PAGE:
Testing Connectivity Between Kubernetes Pods with Iperf3

This document (000020954) is provided subject to the disclaimer at the end of this document.

Situation

In this article, we will show you how to use iperf3 to test the connectivity between Kubernetes pods in your cluster. We will use a Deployment to ensure that iperf3 pods are running on each node in the cluster.

Prerequisites

  • A running Kubernetes cluster
  • The kubectl command-line tool installed on your local machine

Step 1: Deploy Iperf3 as a Deployment

To deploy iperf3 as a Deployment on your Kubernetes cluster, you will need to create a YAML file with the following contents:

apiVersion: apps/v1
kind: Deployment
metadata:
  name: iperf3-deployment
spec:
  replicas: 3
  selector:
    matchLabels:
      app: iperf3
  template:
    metadata:
      labels:
        app: iperf3
    spec:
      containers:
      - name: iperf3
        image: leodotcloud/swiss-army-knife
        ports:
        - containerPort: 5201

 

This YAML file creates a Deployment named iperf3-deployment with 3 replicas of the iperf3 container.

You can then create the Deployment by running the following command:

kubectl apply -f iperf3-deployment.yaml


Step 2: Verify the Deployment

Once the Deployment is up and running, you can use the following command to check that iperf3 pods are running on all nodes in the cluster:

kubectl get pods

You should see output similar to the following:

NAME                             READY   STATUS    RESTARTS   AGE
iperf3-deployment-5b7f6f5c8-5wcw5   1/1     Running   0          36s
iperf3-deployment-5b7f6f5c8-6q4q4   1/1     Running   0          36s
iperf3-deployment-5b7f6f5c8-8wnw7   1/1     Running   0          36s

 

Step 3: Test Connectivity Between Pods

To test the connectivity between pods, you will need to use the pod's IP addresses. You can use the following command to get the IP addresses of the pods:

kubectl get pods -o wide
 

You should see output similar to the following:

NAME                             READY   STATUS    RESTARTS   AGE    IP            NODE
iperf3-deployment-5b7f6f5c8-5wcw5   1/1     Running   0          36s   10.1.0.1      node1
iperf3-deployment-5b7f6f5c8-6q4q4   1/1     Running   0          36s   10.1.0.2      node2
iperf3-deployment-5b7f6f5c8-8wnw7   1/1     Running   0          36s   10.1.0.3      node3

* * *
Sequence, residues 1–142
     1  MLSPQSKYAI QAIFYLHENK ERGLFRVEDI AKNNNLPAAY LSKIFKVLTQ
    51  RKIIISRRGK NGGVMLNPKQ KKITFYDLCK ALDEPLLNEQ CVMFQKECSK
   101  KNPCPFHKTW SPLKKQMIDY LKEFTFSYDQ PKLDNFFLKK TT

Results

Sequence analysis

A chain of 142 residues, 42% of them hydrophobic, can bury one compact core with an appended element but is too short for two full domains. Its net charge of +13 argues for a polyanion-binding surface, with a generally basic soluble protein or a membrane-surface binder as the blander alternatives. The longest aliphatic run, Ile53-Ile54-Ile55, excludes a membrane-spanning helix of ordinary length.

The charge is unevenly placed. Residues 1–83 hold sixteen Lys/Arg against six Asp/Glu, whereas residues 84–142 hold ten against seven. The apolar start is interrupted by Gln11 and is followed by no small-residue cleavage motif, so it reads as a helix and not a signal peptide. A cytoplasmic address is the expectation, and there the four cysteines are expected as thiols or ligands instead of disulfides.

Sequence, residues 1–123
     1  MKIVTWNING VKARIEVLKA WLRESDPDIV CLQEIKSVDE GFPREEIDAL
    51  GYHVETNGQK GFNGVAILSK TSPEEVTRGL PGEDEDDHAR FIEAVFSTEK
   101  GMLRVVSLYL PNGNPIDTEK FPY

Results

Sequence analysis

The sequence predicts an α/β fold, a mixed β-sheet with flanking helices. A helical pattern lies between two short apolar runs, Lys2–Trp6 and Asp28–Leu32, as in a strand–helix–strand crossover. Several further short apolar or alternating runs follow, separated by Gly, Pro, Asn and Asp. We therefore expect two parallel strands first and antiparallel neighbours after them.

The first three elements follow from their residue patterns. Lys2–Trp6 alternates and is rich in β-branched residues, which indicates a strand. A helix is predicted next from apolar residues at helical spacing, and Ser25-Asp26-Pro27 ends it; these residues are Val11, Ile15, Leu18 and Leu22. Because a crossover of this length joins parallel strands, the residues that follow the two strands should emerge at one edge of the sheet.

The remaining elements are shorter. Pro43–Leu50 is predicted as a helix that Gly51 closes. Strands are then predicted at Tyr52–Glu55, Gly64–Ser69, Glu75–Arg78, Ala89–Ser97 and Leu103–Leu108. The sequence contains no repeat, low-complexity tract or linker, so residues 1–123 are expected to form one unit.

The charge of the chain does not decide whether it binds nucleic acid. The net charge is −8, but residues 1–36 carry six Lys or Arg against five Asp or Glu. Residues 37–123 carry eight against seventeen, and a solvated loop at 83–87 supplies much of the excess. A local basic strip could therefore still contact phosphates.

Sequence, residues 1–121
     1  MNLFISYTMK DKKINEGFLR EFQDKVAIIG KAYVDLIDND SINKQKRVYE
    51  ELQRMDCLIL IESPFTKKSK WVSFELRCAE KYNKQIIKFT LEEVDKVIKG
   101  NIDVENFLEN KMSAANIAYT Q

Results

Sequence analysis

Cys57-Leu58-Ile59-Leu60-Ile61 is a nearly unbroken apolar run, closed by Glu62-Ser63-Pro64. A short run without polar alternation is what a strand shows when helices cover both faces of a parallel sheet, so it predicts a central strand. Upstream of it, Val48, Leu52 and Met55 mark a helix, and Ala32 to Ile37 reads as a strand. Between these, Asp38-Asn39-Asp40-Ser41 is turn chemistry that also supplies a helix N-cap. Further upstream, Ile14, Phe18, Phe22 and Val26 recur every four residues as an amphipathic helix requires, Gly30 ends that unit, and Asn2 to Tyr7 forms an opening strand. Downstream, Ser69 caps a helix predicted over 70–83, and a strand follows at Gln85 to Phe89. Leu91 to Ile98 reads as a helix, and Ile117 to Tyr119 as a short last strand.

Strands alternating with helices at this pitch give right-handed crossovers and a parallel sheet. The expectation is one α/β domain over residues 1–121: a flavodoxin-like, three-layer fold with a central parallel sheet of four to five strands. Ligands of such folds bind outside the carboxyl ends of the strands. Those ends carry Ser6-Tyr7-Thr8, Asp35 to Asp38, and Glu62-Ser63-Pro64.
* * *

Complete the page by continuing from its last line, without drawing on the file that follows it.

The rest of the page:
Once you have the IP addresses of the pods you want to test, you can use the iperf3 command to test the connectivity. (Make sure to choose pods running on different nodes)

First, choose a pod to run in server mode:

kubectl exec -it <pod-name> -- iperf3 -s -p 12345


Second, choose a pod to run in client mode:

kubectl exec -it <pod-name> -- iperf3 -c <server pod IP address> -p 12345


The iperf3 command will output the network performance statistics, including the bandwidth, packet loss, and jitter.

This is an example output from a test cluster; please note that due to the various layers of networking involved, there is a performance impact that is expected:

Connecting to host 10.42.0.36, port 12345
[  4] local 10.42.0.37 port 45568 connected to 10.42.0.36 port 12345
[ ID] Interval           Transfer     Bandwidth       Retr  Cwnd
[  4]   0.00-1.00   sec  2.23 GBytes  19.1 Gbits/sec  300   2.88 MBytes       
[  4]   1.00-2.00   sec  2.49 GBytes  21.4 Gbits/sec  737   1.58 MBytes       
[  4]   2.00-3.00   sec  2.42 GBytes  20.8 Gbits/sec  524   2.33 MBytes       
[  4]   3.00-4.00   sec  2.17 GBytes  18.6 Gbits/sec  248   2.41 MBytes       
[  4]   4.00-5.00   sec  2.25 GBytes  19.3 Gbits/sec  151   2.45 MBytes       
[  4]   5.00-6.00   sec  2.36 GBytes  20.2 Gbits/sec   73   3.00 MBytes       
[  4]   6.00-7.00   sec  2.40 GBytes  20.6 Gbits/sec  181   2.84 MBytes       
[  4]   7.00-8.00   sec  2.29 GBytes  19.7 Gbits/sec   73   2.64 MBytes       
[  4]   8.00-9.00   sec  2.35 GBytes  20.2 Gbits/sec  110   2.44 MBytes       
[  4]   9.00-10.00  sec  2.27 GBytes  19.5 Gbits/sec  167   2.43 MBytes       
- - - - - - - - - - - - - - - - - - - - - - - - -
[ ID] Interval           Transfer     Bandwidth       Retr
[  4]   0.00-10.00  sec  23.2 GBytes  19.9 Gbits/sec  2564             sender
[  4]   0.00-10.00  sec  23.2 GBytes  19.9 Gbits/sec                  receiver


 

Conclusion

In this article, we have shown you how to use iperf3 to test connectivity between Kubernetes pods in your cluster. We have used a Deployment to ensure that iperf3 pods are running on each node in the cluster. We hope that this article has helped demonstrate how to use iperf3 for testing connectivity between pods in your Kubernetes cluster.


 

Disclaimer

This Support Knowledgebase provides a valuable tool for SUSE customers and parties interested in our products and solutions to acquire information, ideas and learn from one another. Materials are provided for informational, personal or non-commercial use within your organization and are presented "AS IS" WITHOUT WARRANTY OF ANY KIND.

  • Document ID:000020954
  • Creation Date: 24-Jan-2023
  • Modified Date:24-Jan-2023
    • SUSE Rancher

< Back to Support Search

For questions or concerns with the SUSE Knowledgebase please contact: tidfeedback[at]suse.com

SUSE Support Forums

Get your questions answered by experienced Sys Ops or interact with other SUSE community experts.

Join Our Community

Support Resources

Learn how to get the most from the technical support you receive with your SUSE Subscription, Premium Support, Academic Program, or Partner Program.


SUSE Customer Support Quick Reference Guide SUSE Technical Support Handbook Update Advisories
Support FAQ

Open an Incident

Open an incident with SUSE Technical Support, manage your subscriptions, download patches, or manage user access.

Go to Customer Center